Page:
How To Help Your Teen Properly Prepare For University

By Swindon Link - 27 December 2021

College & Higher Education

If your teen is about to head off to university for the first time, you may find yourself feeling a little bit unprepared. You probably have a lot of questions about how best to help them prepare for this next stage in their life and where to start. In this blog post, we will discuss what you can do as a parent or guardian that will provide the most benefit and help your teen be successful at university.

 

Summer School

Summer school might seem like an unnecessary addition to your teen’s already busy schedule, but it can be a great way for them to prepare for university. Many summer schools offer college prep courses that can help your teen adjust to the academic rigor of university-level coursework. They can also learn about what to expect from living on campus and managing their time wisely. If you’re looking for a summer school that will help your teen prepare for university, consider checking out online trusted London summer schools that offer a variety of courses. In addition, many universities accept credits earned from summer schools. This means that your teen could potentially reduce the amount of time they need to spend in school once they start attending university full-time.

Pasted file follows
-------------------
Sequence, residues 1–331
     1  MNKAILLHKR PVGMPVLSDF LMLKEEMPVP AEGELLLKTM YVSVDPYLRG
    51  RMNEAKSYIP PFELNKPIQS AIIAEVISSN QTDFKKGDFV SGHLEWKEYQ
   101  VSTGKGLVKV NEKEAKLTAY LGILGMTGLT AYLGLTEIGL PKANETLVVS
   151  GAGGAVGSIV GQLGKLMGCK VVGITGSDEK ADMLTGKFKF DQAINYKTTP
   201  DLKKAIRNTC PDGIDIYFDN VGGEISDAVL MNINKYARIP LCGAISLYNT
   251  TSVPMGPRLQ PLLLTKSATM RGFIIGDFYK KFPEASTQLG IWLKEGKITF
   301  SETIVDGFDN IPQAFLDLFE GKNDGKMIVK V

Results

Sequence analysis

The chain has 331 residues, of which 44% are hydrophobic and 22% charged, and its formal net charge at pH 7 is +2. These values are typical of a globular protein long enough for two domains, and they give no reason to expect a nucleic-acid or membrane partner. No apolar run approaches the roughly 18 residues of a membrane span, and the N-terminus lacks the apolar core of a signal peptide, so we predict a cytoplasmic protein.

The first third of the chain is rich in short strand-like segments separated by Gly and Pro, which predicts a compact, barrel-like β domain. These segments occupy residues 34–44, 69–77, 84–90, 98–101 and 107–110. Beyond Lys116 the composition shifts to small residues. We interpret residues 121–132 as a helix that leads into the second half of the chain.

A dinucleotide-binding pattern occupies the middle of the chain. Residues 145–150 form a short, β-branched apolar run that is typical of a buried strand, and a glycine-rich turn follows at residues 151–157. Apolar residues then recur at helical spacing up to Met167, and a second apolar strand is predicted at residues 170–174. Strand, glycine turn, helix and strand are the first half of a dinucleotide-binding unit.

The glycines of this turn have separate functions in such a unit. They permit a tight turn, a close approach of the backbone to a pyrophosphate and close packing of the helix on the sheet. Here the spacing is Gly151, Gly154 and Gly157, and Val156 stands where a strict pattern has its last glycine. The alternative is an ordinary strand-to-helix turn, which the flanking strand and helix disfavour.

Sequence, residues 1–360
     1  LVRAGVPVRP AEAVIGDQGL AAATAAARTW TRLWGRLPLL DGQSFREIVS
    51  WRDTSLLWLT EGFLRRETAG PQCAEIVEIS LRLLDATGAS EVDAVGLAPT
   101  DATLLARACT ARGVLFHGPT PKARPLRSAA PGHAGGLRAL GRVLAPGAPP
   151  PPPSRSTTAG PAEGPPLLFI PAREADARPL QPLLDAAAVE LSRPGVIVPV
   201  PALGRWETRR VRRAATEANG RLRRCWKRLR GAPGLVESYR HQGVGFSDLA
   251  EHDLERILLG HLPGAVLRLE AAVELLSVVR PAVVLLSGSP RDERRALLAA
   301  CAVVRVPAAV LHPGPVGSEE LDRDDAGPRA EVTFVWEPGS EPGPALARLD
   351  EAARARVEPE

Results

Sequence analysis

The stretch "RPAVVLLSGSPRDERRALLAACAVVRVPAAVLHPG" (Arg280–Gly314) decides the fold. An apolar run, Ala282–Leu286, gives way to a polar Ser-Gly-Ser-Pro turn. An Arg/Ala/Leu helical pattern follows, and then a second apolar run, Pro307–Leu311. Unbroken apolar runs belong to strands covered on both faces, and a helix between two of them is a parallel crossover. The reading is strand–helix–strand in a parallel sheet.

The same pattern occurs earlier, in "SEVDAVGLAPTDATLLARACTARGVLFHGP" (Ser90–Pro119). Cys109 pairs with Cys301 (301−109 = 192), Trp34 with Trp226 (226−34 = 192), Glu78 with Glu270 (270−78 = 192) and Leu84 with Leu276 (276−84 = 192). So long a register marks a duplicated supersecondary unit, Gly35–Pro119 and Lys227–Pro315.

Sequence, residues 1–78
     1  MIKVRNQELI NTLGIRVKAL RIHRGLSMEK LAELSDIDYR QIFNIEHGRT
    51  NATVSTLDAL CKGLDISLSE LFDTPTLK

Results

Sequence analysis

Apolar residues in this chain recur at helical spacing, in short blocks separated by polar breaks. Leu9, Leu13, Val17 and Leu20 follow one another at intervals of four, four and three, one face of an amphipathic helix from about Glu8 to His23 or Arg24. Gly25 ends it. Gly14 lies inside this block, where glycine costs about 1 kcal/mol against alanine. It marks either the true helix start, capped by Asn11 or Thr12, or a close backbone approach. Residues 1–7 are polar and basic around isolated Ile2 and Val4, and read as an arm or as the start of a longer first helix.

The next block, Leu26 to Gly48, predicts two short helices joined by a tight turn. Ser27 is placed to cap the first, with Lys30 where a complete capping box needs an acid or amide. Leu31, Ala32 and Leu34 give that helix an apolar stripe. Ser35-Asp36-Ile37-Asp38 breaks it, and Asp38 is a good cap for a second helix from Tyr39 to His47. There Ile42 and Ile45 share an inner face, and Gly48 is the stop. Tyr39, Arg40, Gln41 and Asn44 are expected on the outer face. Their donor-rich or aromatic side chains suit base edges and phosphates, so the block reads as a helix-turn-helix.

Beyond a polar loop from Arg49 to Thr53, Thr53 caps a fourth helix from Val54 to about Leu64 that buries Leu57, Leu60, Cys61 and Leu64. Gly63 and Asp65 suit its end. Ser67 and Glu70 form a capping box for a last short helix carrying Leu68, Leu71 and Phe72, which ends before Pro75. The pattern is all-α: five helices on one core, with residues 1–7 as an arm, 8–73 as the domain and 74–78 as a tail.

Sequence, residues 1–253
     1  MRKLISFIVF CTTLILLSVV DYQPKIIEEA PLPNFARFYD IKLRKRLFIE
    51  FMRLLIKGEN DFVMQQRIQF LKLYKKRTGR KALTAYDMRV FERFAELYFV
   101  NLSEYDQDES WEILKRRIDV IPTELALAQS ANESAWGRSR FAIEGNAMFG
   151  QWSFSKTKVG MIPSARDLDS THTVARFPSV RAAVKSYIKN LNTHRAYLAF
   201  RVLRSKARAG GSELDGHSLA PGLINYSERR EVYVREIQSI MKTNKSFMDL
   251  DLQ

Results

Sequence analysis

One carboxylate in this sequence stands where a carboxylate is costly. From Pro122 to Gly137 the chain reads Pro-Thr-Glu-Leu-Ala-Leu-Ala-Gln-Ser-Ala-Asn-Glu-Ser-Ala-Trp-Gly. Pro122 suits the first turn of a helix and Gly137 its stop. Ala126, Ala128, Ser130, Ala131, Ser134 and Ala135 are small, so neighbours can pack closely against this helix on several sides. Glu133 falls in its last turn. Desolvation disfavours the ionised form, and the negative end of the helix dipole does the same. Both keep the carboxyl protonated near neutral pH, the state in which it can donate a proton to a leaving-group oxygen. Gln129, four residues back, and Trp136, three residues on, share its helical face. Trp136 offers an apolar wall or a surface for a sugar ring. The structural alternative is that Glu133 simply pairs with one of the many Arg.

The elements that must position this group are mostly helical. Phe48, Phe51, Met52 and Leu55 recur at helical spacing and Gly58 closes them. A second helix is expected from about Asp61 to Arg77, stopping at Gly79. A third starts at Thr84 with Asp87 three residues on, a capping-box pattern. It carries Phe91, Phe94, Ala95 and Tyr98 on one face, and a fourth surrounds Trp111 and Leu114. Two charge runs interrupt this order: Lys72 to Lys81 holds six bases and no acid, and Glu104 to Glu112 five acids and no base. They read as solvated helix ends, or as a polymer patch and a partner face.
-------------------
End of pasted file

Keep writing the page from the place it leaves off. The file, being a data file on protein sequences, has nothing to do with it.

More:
Get Involved In Campus Activities

One of the best ways to help your teen prepare for university is to get them involved in campus activities. This will allow them to meet other students and make friends before they start school. It also gives them a chance to explore different interests and discover new passions. Campus activities can include anything from student government to intramural sports. If your teen is unsure about what activities they want to get involved in, ask the admissions department at their chosen university for suggestions.

Additionally, many universities offer orientation programs for new students. These programs are a great way for your teen to learn about the campus and get settled in before classes start. Orientation usually includes a tour of the campus, information about student life, and sessions on how to be successful in university. Make sure your teen attends all of the orientations offered by their school, as they will provide valuable information that can help them during their time in university.

Create A Budget

One of the best things you can do for your teen as they prepare to head off to university is to help them create a budget. This will help them learn how to manage their money and stay within their limits. Some many online tools and apps can help with this, so be sure to explore your options. Your teen may also want to talk to someone at their bank about setting up a student account that offers lower fees and other benefits. By helping your teen create a budget, you're giving them an important life skill that will serve them well in the years ahead. This way they have a better idea of what they can afford.

Stay In Touch